With all this I-this and I-that I was wondering are we giving apple too much attention? Are thier products all that hot like the new ITV? Should we be plunking out $300-$500 dollars every year Steve Jobs announces something on that podium/stage he thunders to the public? I don’t appreciate buying an IPod in '04 and dies less than 2 years later.
*Is Apple selling half-baked products in the beggining of the year and then making another killing later with an improvment they could have put in before?
The ITV and the IPhone are both great but are they bonifide products you can use for many years? Why pay a premium when they will make an adjustment 6-8 months later while you are stunned with the one you purchased earlier?
This is all speculation. AppleTV is getting pretty good reviews and the iPhone hasn’t been released yet.
If you follow the mentality that you shouldn’t buy b/c they will make adjustments in 6-8 mos, you will be waiting forever. That’s Standard Operating Proceedure for the tech industry. Has nothing to do with Apple.
To answer your main question…do we give too much attention to Apple? Probably. But at least they make products worth talking about.
Didn’t mean to put that much ‘hateration’ in to this thread!
That’s why I listen to music from my TREO instead of buying an IPOD. I put songs on my 1gig card an go on my way. I HOPE the TREO makes in the future something that can play movies and videos as good as the IPOD.
I can’t tell you how many times I dropped my TREO and it still works. That’s what I call a sustainable product. This November will be 2 years with my phone and I don’t see it slowing down.
I had my first iPod for close to 4 years. I dropped it and miss used it countless times. I still use it as my home stereo iPod and it would have kept going fine if I didn’t want more memory and video capabilities.
That said, there is plenty of room for improvement, but there is on everything. There is no competitor at the current time, I wish their was if only because I like a choice… and it would probably prompt apple to fix some of those iProblems…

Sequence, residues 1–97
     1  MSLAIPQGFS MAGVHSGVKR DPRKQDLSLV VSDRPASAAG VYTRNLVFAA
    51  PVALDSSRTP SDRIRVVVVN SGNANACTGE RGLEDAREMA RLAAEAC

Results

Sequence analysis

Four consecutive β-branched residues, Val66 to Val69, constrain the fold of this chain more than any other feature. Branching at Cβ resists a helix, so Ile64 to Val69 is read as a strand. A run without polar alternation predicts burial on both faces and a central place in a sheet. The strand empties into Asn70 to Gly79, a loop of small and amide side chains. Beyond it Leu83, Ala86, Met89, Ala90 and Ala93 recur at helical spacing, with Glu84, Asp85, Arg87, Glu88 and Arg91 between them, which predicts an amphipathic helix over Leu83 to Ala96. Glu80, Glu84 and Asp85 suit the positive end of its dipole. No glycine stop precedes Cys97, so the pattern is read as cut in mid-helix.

You cary an ugly TREO with just a gig of music… hmmm…
Yayo, why is the Treo better than an iPod in your opinion? You’ve listed durability, but that’s purely subjective–I seriously doubt the Treo could top the Nano or Shuffle in drop testing, and even the high-end iPods are solid, with far fewer moving and removable parts than the Treo.
I find it interesting how many Industrial Designers avoid the iPod because it’s trendy, instead putting up with inferior substitutes. I think designers should vote “good design” with their pocketbooks. If you want to be a “hater” go pick on copycats like the MS Zune, Samsung etc.
cg- I dare you buy the iPHONE and drop it 2-3 times and it will crack like the Liberty Bell.
As for Mac’s @ CTU, I’ll check tonight! I think your bluffing though.
Maybe that’s why it takes 24 hours to track a terrorist; maybe they keep looking at those friggin widgets and sh*t. they’ll get in the way.
I think Yo is right is saying that there really is no-one who can really touch Apple at the moment. The Zune was (is) a joke, Microsoft clearly didn’t think about that one enough. For Microsoft to get into the game they’ll have to start with a loss to get some consumer following before being about to make direct profit.